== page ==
|View from our room at the Sabinal Hotel, Roquetas de Mar|
We also met up with some friends and acquaintances from the past. Mari Carmen, who cleaned for us then and was always a good friend and connection to Spanish life; now she is just a wonderful connection to Spanish life in general and a good barometer of what has changed and what has not. We were surprised at how clean and well-maintained almost everything we saw in Roquetas was. We did not see empty, half-finished buildings as relics of the financial crisis the way we do in the Torrevieja area. We did notice that many businesses had changed names, and Mari Carmen said that often a new place opened up and then closed two months later, but at least here it seems as though someone is able to invest in a new dream right away. We drifted around town to the bookstore and former art workshop, past the language school, to a new secondary school, by our old condo, down to the kiosk where we always bought the newspaper. We rekindled a lot of old memories, mostly pleasant.
And we took the local bus to Almería city the way we used to, because we didn't have a car when we lived in Roquetas, and walked up and down the Rambla, looking for the statue of John Lennon, who composed "Strawberry Fields Forever" in Almería. We ambled around the old city, where many of the old narrow streets have been converted into pedestrian areas. Almería, being a big city and the capital of the province, and not focused on tourism as Roquetas is, was not as spic-and-span clean and well maintained as Roquetas, but it still is a nice, comfortable city. Our favorite cafetería, Santa Rita's, on the Rambla, had disappeared from view, but its venue had metamorphosed into the Chester Café, a tapas bar "with an American theme." We each had a nice tapa ("shrimp in gabardine" (breaded) for me, and a mini-hamburguesa for Johannes. I spent more time than I normally would in the bathroom, reading the wallpaper that consisted of enlarged front pages of U.S. newspapers from the 1920s and '30s that all seemed to feature sea disasters of some kind. At one end of the restaurant proper were portraits of famous American musicians, all apparently black, and a facsimile placard from some unidentified music hall in some unidentified year, but you could get admission to a concert of Ray Charles for five dollars.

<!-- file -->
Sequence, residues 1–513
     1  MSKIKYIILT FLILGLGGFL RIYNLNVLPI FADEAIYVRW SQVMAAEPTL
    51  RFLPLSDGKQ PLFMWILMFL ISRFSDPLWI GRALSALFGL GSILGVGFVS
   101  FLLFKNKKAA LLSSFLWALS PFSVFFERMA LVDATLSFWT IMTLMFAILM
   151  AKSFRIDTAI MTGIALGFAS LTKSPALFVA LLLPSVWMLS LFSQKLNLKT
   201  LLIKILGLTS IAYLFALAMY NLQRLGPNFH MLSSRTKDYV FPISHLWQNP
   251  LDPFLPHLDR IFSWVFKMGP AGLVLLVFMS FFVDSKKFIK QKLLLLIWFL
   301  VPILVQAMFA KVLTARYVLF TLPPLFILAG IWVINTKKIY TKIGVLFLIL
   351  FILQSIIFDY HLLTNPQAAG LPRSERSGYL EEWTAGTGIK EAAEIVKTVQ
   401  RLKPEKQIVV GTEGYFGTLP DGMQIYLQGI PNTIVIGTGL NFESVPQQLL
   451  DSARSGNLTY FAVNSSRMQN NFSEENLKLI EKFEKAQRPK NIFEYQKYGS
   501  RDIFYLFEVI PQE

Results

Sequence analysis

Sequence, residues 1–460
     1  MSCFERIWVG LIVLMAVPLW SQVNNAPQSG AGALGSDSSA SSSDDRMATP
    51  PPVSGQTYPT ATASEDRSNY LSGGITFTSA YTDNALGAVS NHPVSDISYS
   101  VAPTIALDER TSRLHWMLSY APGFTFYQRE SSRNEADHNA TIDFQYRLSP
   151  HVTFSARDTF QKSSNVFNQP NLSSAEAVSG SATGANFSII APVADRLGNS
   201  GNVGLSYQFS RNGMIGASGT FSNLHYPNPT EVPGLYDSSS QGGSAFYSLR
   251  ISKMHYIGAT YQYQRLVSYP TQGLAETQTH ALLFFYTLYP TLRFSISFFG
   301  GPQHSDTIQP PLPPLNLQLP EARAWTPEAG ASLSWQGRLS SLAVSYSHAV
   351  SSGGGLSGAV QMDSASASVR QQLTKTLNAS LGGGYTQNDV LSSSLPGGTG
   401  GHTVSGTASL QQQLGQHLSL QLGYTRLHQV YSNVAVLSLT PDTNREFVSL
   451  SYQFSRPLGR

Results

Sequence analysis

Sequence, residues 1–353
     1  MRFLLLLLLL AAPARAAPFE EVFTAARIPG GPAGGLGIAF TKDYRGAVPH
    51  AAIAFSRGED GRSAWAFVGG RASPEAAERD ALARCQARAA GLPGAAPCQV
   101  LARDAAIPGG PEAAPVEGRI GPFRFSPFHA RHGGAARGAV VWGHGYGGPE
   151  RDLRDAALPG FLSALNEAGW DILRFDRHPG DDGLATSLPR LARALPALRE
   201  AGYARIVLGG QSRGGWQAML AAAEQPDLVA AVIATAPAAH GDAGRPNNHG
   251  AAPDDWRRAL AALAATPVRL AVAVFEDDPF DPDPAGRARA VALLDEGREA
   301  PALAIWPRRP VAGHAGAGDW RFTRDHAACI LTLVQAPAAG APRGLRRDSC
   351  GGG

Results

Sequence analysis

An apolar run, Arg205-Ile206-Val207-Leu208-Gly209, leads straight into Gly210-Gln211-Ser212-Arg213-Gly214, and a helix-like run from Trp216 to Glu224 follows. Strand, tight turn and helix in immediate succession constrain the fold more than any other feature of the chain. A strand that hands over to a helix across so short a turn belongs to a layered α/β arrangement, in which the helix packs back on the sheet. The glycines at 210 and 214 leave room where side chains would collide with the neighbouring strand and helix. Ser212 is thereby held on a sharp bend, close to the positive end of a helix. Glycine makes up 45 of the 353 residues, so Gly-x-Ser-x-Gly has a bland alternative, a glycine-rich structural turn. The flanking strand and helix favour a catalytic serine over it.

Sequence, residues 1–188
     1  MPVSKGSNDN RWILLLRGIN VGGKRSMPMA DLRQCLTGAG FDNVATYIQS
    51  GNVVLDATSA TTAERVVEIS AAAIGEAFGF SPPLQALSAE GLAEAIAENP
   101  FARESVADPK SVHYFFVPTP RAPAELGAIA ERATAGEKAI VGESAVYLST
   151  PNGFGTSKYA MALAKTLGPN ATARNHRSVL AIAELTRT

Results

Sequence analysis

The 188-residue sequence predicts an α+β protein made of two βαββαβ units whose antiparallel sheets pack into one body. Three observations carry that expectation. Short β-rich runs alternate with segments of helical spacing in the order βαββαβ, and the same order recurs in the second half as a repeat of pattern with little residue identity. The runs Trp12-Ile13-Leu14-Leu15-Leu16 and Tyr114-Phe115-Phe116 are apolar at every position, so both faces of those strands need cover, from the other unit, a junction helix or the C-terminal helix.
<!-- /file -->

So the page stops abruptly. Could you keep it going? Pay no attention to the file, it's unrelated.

We returned to Roquetas and picked up our car, that we had parked at the big shopping center, the Gran Plaza, but not before we took a quick stroll through the Plaza, which had been new when we lived there. Here was where we saw the stark signs of the recession. Almost a third of the stores were boarded up, some announcing impending new tenants, many not. I guess the high rent at the fancy shopping center is enough to deter many dreams of starting a new business.
I did my part in improving the mall economy, however, when I saw the Desigual store, my newest favorite brand. "Desigual" means, literally, "unequal" or "uneven," even "changeable." By extension, for this Barcelona designer, it has come to mean "unique." I had bought a unique handbag for a colleague at a different Desigual outlet several months ago, and on my last trip back to the U.S. I had been unable to resist buying a blouse at the Desigual shop in the Alicante airport. Now here was a Desigual in Roquetas, once my home, and it had not been there before. Nor had I ever seen a Desigual with a 50% discount sale going on, so I got an early birthday present and now have a desigual dress.